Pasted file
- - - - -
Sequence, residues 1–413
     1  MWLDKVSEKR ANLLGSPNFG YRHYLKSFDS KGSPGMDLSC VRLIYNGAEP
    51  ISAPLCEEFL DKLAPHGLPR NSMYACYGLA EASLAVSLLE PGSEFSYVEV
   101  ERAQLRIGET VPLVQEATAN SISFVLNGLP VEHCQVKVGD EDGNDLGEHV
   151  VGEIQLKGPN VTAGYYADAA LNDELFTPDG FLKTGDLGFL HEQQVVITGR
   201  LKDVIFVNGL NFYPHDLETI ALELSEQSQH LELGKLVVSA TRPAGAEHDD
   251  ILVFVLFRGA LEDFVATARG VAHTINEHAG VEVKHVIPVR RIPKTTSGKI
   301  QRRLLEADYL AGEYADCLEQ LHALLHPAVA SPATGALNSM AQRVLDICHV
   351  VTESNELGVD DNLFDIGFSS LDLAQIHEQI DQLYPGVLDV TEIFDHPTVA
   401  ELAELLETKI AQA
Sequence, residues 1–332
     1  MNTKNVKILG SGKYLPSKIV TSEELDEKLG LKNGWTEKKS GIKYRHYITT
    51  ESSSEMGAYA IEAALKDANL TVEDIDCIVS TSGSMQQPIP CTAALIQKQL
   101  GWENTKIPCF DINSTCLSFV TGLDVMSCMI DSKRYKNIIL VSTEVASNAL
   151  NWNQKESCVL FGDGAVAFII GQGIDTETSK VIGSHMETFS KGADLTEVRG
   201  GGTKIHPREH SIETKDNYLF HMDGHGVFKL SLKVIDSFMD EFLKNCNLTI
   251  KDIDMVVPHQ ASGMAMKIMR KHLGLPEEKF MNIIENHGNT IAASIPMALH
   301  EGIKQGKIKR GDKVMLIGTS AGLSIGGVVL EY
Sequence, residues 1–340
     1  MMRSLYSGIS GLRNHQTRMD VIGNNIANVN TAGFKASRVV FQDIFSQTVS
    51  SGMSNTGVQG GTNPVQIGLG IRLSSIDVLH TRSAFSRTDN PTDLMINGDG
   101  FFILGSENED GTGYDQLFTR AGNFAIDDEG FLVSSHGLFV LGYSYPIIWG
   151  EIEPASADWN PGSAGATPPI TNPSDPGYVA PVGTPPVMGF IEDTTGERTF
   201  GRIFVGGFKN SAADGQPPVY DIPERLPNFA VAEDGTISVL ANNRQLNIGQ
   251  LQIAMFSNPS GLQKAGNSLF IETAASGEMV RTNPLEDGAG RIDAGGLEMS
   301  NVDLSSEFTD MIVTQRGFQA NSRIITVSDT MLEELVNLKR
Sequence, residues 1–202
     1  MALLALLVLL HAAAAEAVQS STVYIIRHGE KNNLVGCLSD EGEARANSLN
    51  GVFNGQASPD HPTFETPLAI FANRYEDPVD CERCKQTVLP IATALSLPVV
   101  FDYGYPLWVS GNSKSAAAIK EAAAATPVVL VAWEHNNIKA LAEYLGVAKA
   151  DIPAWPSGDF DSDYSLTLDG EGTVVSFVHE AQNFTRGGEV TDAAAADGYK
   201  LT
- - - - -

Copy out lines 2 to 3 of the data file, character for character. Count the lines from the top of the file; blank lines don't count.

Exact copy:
     1  MWLDKVSEKR ANLLGSPNFG YRHYLKSFDS KGSPGMDLSC VRLIYNGAEP
    51  ISAPLCEEFL DKLAPHGLPR NSMYACYGLA EASLAVSLLE PGSEFSYVEV